Rihanna’s n-word incident raises questions about celebs on Instagram

Rihanna instagrammed this photo with a caption that referred to the child pictured as my 'ni**a'

Rihanna instagrammed this photo with a caption that referred to the child pictured as my 'ni**a'

Rihanna has posted yet another controversial social media photo. This time around, it is a picture on Instagram of her with an adorable toddler sitting on her lap.

But far from displaying her maternal instincts the image has sparked criticism from her loyal fanbase because she writes “My lil n***a” in the caption.

In response, her followers are begging her to stop using the n-word on her Twitter account.

One person wrote, “The word is derogatory. If some cultures aren’t allowed to say it, no-one should.”

Another said, “So I love the hell out of her but that word I hate.”

Celebs need to read carefully

Still, the “We Found Love” singer has made it a hobby to keep herself in the spotlight with provocative and titillating photos. No doubt the Barbadian songstress believes playing up to the cameras keeps her relevant.

Though, Treavion Davenport, a Los Angeles-based PR expert and celebrity publicist, who helped launch the careers of Gucci Mane and Chrisette Michele, says celebrities need to tread carefully when using an unfiltered social media tool like Instagram.

“Unfortunately many celebs get caught up in the moment and the common folk norm of posting thoughts, observations, and candid photos; that they underestimate the potential negative and far reaching impact,” says Davenport.

April Love, a celebrity publicist and brand strategist in Atlanta, agrees.

“I advise clients that social media can be our best friend one day and our worst enemy the next,” says Love, who has worked with the likes of Monica, Cee-Lo Green and the media personalities from the Real Housewives of Atlanta.

A visual backstage pass

Instagram, a quick and easy way to share photos, was launched just two and a half years ago but has quickly gained popularity, with more than 100 million active users a month. In fact, it has become a favorite among celebs to showcase their extravagant lifestyles and give fans a “visual” backstage pass.

“The pure nature of social media such as Instagram gives fans, and foes, that instant gratification to connect with and feed off of the celeb in question,” says Davenport.

“It is another way to feel in tune and as if they have an up close and introspective view into the psyche and private lives of the object of their cyber-stalking.”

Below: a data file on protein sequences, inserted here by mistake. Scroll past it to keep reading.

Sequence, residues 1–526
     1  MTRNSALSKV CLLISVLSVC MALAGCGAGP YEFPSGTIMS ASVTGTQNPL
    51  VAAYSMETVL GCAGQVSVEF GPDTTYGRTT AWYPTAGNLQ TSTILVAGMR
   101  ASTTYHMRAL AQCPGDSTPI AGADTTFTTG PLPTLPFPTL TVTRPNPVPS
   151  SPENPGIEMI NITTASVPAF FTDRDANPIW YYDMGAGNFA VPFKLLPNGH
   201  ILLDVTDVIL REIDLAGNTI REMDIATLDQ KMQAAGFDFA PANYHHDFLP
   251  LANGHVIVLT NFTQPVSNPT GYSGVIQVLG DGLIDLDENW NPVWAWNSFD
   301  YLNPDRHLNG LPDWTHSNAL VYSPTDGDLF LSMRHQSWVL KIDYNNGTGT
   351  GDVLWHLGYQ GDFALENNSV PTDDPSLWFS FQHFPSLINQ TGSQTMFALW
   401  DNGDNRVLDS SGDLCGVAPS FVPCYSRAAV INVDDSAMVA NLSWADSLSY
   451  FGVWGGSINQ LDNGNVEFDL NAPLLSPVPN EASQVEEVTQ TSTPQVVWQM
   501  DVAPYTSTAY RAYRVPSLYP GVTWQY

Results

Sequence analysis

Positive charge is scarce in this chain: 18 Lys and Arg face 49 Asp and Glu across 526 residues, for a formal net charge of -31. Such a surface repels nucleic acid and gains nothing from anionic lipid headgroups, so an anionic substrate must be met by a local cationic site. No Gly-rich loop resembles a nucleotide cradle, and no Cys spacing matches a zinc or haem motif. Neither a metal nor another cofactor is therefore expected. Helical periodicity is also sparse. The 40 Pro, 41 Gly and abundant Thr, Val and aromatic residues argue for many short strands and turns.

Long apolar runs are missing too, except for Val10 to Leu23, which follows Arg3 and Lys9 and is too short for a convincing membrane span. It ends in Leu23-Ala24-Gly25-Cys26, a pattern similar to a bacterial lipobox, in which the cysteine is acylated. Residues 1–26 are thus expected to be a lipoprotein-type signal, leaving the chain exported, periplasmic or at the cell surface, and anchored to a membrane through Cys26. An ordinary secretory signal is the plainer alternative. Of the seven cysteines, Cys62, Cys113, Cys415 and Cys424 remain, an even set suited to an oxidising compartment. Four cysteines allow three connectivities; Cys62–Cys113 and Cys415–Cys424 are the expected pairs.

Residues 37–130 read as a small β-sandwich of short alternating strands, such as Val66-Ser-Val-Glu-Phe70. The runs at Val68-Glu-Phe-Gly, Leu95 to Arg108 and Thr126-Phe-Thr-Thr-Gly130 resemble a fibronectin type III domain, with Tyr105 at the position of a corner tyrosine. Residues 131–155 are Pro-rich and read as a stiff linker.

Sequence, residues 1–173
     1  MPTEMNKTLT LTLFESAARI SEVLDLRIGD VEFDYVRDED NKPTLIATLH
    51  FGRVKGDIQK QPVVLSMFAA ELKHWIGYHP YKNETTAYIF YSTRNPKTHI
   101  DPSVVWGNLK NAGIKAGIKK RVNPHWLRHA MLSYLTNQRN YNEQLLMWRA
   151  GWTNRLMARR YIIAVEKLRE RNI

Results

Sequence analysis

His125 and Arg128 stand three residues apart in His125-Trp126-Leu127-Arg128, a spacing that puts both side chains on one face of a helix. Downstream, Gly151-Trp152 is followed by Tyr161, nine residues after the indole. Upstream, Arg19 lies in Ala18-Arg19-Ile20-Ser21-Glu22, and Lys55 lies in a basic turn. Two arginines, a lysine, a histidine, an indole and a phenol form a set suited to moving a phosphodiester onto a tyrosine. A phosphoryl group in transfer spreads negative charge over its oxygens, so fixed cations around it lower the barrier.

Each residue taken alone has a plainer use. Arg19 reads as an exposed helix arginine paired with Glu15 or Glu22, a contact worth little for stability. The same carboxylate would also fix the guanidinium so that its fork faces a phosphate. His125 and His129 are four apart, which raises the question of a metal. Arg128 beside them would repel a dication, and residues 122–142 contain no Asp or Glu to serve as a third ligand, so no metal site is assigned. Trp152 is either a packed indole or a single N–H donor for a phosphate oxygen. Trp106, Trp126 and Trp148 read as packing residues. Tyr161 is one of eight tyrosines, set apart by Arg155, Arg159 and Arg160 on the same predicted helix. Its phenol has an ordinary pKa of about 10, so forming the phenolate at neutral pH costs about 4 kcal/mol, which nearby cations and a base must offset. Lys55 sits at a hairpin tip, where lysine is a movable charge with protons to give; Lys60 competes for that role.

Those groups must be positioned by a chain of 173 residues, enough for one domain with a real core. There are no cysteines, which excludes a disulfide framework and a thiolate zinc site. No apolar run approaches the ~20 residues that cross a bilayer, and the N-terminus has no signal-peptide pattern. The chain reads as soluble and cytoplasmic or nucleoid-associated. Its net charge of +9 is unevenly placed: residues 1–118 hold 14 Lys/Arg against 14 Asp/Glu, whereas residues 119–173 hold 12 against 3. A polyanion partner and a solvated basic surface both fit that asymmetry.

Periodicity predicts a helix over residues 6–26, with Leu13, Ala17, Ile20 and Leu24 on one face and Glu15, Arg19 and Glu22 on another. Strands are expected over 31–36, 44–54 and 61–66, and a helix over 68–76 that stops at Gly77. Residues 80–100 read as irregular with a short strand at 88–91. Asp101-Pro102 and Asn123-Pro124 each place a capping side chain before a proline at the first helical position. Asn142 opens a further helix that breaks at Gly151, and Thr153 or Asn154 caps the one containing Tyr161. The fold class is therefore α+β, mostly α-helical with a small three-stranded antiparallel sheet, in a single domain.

Vivia E. Armstrong, a marketing and social media strategist from Atlanta, says when used properly, Instagram can be an effective tool for marketing and creating brand awareness. “It allows people with few words to make their life more of a collage.”

Nevertheless, if things go wrong the possibility of it going viral is high, she says. “It can be damaging for an image or brand, which can last for a few days, weeks or months, or even be difficult to ever come back.”

When Instagramming goes wrong

Indeed, R&B songstress Fantasia Barrino learned this life-lesson the hard way.

Last year she posted anti-gay marriage sentiments on Instagram and there was uproar.

Barrino quickly backtracked and her management was forced to issue a damage control statement. Later she attempted to say her words were “taken out of context.”

“I think that celebrities have a fine line to walk when it comes to social media,” says Kelley L. Carter, an Emmy Award winning entertainment journalist. “There’s danger there — and we’ve seen it play out many times.”

Even Beyoncé has been caught out. During the last presidential election, the singer was criticized for tweeting a photo of her ballot on Instagram. In fact, according to Citizen Media Law Projects anyone who reveals the contents of their ballots “is guilty of a misdemeanor.”

“Remember when the news of Joe Paterno’s firing broke? And Ashton Kutcher — who was championed with the way he used social media — tweeted out what many considered to be insensitive because he didn’t have all of the information?” says Carter. “He learned a hard lesson. And countless others have, too.”

Follow Kunbi Tinuoye on Twitter at @Kunbiti